Collect the list of websites and see which links they have acquired in the past.

Compare the mutual bonds between them and the different bonds they have acquired.

These are direct competitors, so most of the links will be related to the specific business you are working on.

Compare the lists you have collected with the link profile of the site you are currently working on and see where you are missing.

If you are able to acquire all the links that the competition has acquired, then you are able to be on a fairer playing field when it comes to links.

How to find more hookup opportunities

If you are involved in your supposed competition for your search space over links, the next natural step for you is to get more links than your competition.

Explore other local businesses and where they’ve gained press coverage.

This will help you understand how other companies not in our industry have built connections in the same local space.

By looking at popular businesses in general within our local space, we can begin to find some low impact fruit of opportunity to link and find local writers, local blogs, and sites in general who want (or have supported) local businesses in the past.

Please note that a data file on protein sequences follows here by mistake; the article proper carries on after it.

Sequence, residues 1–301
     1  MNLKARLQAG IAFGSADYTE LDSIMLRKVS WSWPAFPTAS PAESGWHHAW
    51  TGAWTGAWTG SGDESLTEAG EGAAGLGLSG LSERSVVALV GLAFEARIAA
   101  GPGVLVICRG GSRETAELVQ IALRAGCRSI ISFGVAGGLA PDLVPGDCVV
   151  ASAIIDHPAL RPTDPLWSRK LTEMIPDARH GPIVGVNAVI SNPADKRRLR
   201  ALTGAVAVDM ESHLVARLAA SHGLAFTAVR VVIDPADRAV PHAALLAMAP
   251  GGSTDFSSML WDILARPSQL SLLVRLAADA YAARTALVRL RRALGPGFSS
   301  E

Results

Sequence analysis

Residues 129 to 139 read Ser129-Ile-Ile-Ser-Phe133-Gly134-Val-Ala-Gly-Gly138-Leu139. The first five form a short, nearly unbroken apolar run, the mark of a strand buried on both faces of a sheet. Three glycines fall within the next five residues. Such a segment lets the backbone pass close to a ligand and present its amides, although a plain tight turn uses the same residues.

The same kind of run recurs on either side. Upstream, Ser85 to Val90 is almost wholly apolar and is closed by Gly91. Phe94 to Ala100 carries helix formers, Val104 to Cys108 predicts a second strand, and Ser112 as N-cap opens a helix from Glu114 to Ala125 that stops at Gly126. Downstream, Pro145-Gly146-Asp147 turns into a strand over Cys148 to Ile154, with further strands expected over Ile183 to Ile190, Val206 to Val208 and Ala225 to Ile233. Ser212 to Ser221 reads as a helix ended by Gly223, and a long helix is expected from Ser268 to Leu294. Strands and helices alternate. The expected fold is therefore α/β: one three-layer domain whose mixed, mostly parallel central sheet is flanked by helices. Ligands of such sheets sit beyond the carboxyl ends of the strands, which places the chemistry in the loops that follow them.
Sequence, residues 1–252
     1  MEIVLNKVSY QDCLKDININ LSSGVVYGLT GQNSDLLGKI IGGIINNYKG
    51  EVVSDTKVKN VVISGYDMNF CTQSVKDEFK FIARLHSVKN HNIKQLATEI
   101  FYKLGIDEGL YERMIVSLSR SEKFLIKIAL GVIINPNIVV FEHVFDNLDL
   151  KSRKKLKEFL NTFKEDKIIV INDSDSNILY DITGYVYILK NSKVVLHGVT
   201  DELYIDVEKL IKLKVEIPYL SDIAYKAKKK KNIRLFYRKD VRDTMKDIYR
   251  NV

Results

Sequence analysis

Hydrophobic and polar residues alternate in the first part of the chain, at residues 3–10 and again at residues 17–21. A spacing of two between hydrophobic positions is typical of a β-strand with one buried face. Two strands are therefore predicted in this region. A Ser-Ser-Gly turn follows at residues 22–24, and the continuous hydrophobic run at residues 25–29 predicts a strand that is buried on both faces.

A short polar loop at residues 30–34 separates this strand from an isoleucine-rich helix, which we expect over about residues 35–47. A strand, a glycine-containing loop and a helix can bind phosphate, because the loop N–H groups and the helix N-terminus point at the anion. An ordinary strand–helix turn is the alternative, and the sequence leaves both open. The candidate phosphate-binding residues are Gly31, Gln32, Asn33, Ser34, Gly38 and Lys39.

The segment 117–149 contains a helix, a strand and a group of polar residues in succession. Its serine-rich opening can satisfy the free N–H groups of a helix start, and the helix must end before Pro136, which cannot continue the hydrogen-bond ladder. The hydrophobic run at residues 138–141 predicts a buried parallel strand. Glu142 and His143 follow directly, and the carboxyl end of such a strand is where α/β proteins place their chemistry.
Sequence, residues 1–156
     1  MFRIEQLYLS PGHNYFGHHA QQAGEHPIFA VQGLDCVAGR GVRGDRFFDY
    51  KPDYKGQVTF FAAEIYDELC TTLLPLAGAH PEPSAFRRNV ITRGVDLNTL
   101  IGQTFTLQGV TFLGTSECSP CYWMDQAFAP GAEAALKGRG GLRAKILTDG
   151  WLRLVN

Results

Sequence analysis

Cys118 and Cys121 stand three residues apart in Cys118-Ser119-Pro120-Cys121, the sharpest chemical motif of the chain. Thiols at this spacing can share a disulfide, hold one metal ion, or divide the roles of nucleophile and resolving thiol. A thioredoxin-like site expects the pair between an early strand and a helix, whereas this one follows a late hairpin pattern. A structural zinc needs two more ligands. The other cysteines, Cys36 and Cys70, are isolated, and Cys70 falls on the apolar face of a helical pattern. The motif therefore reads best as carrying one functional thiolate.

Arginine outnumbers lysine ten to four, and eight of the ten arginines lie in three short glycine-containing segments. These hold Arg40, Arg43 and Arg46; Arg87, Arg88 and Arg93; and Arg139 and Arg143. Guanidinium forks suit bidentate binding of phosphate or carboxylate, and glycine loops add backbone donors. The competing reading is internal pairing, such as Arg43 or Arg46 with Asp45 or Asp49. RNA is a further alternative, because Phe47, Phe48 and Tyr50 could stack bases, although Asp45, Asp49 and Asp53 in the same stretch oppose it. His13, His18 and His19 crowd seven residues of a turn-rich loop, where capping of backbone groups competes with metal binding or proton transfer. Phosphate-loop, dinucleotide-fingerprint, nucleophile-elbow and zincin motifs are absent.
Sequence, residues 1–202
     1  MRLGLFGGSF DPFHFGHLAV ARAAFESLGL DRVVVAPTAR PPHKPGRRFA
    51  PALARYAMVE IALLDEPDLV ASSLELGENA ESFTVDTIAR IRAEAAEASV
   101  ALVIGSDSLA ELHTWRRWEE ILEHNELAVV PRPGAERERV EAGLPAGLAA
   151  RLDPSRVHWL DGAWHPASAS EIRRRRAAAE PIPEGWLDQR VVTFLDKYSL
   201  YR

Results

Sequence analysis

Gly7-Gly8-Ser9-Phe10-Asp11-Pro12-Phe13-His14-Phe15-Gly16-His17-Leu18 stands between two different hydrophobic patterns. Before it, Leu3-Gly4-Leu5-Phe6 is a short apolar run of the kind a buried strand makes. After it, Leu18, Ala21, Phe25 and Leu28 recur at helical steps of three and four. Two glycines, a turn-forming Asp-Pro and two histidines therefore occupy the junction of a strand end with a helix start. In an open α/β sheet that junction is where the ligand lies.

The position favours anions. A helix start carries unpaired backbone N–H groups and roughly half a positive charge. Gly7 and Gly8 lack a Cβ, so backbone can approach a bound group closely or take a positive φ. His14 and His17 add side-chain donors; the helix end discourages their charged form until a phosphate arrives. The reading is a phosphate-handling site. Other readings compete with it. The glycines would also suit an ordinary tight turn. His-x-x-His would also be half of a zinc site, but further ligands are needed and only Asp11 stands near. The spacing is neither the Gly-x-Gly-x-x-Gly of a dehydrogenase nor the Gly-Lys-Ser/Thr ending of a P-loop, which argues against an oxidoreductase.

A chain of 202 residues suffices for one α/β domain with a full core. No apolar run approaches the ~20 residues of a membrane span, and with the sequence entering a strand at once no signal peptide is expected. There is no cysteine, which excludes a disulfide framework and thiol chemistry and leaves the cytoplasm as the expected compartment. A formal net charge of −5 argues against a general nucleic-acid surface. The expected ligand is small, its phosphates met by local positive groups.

Another method I have used is to find companies with a lot of traction and putting their website through a link analysis tool.

One way to find a high-traction business is through review sites like Yelp.

Go to Yelp and search within your city and filter by the most reviewed business.

These businesses may not be related to your value proposition at all, but they do offer a wealth of information about promotional opportunities for your site in the local space.

Screenshot by the author, December 2018

The most reviewed activity for San Francisco, for example, was for Tartine Bakery.

If you enter this site into a backlink analysis tool, you may be surprised at the results you find.

According to Ahrefs, this site has more than 3,000 connections. I’m more than willing to bet that not all of these are related to food.

If you’re working with a small restaurant, you now have a goldmine of potential local hookups to your space, even if you’re not providing the same type of food.

An example from a backlink analysis tool.Screenshot from Ahrefs, December 2018

Use this method with businesses that have gotten the most reviews and businesses within a handful of different verticals to get a variety of potential links.

When you peruse these lists, you will find links that are completely unrelated or unobtainable. But it’s fine.

The whole point of this exercise is to find the few diamonds in the rough and build connections with those in the local area who have some influence whenever possible.

For more tips and tricks on linking, be sure to check out these expert resources:

Featured Image: Paulo Bobita / Search Engine Magazine